pick the first commit and change all other commits to
Now I have only one commit. This commit can be easily undone with
git reset HEAD~1
Then add your secret files to the
.gitignore file and add everything and commit it again.
Now your local pull request branch has only the files wanted in one single commit. But GitHub still stores the secret files. With the next command we'll fix that.
git push -f
When things went bad sometimes a
git push -f is needed. But beware: This will overwrite the history in your Git repo. You really have to know what are you doing here. Don't use
git push -f in a panic. Calm down first. Otherwise you will make it even worse.
But to remove the unwanted commits you need to overwrite the pull request branch.
git push -f origin add-version
Everything concealed? No way
When you now look at the GitHub pull request you might think that every secret vanished and it's safe to keep the old WiFi password. No, GitHub has an incredible database, don't think that that this information was removed.
Each pull request can be commented and even after a
git push -f some of the comments got outdated on source that no longer exist. But this is still visible and retrievable.
Look closer, there is a "Show outdated" link. You can open this
So whenever such a data breach happens, be prepared to change your secrets. If it hurts, do it more often.
Understanding the cause
After all this disaster recovery and cleanup there is still something to learn. What was the root cause and how can I prevent to make the same mistake again?
git add .
git add . command adds all modified and also untracked files and
git push pushes all this code to GitHub into your already open pull request branch.
Yes, I'm lazy and often commit everything as I'm normally work on one thing in a project.
I normally recognize such secret files from adding them, but as I realised the hard way is that you will type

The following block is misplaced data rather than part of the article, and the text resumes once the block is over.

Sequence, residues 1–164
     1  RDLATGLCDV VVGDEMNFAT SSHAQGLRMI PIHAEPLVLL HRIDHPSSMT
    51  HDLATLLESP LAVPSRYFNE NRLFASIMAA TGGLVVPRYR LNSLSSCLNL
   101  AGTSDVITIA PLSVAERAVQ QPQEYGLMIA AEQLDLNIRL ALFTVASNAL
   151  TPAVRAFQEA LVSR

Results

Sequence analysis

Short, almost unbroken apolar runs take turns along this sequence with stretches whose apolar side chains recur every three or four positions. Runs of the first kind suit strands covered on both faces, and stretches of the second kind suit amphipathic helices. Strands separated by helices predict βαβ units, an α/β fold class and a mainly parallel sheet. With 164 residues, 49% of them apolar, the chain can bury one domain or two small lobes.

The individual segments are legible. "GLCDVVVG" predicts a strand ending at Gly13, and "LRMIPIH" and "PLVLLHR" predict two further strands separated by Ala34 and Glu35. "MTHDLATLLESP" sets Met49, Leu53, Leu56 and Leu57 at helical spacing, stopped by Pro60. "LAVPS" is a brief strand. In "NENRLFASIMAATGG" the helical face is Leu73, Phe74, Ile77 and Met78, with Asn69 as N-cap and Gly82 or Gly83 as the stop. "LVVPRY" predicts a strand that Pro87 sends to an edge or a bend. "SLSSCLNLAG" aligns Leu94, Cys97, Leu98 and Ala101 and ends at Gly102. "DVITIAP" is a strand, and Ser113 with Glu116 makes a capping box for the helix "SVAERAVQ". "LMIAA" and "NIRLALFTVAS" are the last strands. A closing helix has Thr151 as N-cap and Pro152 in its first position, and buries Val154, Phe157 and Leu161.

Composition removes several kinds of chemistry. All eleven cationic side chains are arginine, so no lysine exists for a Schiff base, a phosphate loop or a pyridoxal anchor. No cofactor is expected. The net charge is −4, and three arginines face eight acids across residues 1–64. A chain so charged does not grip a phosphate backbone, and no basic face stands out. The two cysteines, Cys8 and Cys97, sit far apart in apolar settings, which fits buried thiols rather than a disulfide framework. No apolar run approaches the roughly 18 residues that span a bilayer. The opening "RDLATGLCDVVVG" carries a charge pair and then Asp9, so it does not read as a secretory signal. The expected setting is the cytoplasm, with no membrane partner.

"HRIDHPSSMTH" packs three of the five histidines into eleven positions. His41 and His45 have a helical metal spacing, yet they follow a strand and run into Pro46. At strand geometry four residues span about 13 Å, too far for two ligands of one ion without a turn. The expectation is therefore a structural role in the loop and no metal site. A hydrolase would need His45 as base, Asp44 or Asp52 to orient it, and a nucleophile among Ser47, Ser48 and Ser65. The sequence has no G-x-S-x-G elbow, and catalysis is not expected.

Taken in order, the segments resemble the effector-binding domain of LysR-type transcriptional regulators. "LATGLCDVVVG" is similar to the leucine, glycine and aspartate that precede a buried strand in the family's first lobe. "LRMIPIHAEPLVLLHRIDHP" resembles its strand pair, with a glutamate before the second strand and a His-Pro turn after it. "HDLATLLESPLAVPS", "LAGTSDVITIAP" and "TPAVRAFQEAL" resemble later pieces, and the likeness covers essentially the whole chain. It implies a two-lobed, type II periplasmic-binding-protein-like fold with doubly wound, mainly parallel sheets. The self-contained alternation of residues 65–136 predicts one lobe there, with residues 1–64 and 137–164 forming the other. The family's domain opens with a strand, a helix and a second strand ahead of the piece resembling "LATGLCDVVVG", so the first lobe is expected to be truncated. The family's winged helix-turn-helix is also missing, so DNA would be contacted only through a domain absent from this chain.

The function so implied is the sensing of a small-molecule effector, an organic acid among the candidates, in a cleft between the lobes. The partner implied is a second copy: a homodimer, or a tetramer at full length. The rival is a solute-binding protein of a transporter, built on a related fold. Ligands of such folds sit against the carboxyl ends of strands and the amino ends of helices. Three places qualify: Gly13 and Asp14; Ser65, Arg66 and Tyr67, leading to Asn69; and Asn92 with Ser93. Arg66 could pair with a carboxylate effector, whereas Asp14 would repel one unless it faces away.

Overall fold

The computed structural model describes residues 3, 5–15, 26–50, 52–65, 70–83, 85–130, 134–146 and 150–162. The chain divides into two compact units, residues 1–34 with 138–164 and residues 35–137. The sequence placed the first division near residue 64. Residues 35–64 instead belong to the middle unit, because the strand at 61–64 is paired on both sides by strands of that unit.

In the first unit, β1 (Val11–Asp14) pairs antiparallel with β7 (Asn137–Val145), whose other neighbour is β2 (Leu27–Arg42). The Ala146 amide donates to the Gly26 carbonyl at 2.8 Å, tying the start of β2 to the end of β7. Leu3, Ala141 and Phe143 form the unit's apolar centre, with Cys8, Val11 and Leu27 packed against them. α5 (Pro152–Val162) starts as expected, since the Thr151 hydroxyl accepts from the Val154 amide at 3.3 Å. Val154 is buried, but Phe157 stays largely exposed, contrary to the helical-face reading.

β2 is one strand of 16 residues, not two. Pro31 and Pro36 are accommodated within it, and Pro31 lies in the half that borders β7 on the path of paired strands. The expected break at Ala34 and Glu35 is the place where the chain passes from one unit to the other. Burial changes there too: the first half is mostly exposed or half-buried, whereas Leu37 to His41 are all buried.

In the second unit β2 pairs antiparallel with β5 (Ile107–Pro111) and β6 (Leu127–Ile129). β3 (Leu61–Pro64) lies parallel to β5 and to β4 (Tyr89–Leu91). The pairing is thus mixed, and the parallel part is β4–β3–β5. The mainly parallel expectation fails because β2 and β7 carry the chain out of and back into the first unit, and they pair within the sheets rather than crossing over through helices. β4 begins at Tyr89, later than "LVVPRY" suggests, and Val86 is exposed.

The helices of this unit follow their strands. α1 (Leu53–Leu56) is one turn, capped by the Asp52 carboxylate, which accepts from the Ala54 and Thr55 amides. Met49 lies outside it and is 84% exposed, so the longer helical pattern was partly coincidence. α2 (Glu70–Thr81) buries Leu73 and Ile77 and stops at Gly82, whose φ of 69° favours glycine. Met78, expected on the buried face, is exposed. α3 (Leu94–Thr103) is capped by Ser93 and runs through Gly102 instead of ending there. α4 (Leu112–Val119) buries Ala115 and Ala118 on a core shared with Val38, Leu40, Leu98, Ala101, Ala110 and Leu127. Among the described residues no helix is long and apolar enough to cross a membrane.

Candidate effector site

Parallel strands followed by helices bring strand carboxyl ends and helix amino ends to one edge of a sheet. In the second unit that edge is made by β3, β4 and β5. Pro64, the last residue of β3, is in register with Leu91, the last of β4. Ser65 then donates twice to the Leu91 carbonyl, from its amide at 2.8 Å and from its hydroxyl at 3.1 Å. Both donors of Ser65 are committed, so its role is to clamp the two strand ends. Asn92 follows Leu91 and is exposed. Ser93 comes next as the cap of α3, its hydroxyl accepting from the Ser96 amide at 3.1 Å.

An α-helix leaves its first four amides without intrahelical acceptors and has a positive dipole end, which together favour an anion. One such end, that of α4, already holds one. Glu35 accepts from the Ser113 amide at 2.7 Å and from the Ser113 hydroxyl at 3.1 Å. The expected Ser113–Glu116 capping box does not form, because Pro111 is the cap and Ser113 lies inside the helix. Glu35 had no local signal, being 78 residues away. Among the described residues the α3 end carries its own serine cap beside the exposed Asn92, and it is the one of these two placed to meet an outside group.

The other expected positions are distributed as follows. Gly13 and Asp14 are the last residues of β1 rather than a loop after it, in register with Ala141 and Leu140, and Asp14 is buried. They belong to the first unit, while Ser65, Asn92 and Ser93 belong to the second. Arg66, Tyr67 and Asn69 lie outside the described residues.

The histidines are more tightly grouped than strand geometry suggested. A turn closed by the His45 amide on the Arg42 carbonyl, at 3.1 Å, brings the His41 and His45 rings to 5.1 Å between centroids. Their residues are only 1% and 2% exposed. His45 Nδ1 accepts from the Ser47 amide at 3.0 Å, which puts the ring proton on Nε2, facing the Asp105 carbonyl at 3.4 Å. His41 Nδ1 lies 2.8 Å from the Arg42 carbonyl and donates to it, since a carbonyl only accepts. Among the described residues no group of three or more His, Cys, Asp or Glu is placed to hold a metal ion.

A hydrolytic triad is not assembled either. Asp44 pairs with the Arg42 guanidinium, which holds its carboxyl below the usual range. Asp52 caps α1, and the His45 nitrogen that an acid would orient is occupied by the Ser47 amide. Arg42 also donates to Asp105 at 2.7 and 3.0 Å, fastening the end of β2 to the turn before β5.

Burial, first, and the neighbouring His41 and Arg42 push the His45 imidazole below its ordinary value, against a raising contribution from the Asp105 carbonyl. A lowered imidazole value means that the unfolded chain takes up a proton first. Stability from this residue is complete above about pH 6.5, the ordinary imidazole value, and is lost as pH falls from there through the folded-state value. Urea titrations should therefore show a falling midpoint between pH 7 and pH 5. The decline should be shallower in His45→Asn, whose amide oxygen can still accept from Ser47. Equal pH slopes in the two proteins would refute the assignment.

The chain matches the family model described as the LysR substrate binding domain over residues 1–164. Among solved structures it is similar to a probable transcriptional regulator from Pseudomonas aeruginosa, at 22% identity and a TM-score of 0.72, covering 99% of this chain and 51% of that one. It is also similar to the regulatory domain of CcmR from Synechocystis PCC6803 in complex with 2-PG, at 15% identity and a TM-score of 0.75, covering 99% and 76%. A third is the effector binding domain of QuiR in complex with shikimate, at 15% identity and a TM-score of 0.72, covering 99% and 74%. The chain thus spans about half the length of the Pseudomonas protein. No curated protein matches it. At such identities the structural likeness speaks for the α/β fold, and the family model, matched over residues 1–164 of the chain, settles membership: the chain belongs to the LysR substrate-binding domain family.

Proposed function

git add . at some point in a hurry without even recognizing it.
I scrolled up my terminal and found the situation where everything went wrong very soon.
This is a bad smell having untracked files.
What can this be fixed?
- Learn to not use
git add .. I don't think that will work as I'm trained to type this and it's hard to break a habit.
- Maybe prevent
git add .?, see Stack Overflow I'm not going this hard way.
- Don't leave untracked files in your repo, yeah that sounds better.
- Add local secret files to your
.gitignorefile. So a
git add .is harmless.
- Don't create such local secret files at all. Well you want something automated and just need config files with secrets.
- Create local files without the secrets and inject secrets on the fly. That also sounds like a good plan.
I'll look closer into the last idea to inject secrets on the fly. Don't leave secrets unprotected on your harddrive. Use command line interfaces for your password managers.
pass- Pass: The Standard Unix Password Manager that keeps secrets in GPG encrypted files which are also under version control in a separate Git repo.
- I'll also have a look at the 1Password command line tool
You cannot change the past, you only can learn to make it better in the future.
I hope you find this blog post useful and I love to hear your feedback and experience about similar mistakes or better tips how to protect yourself from doing mistakes. Just drop a comment below or ping me on Twitter @stefscherer.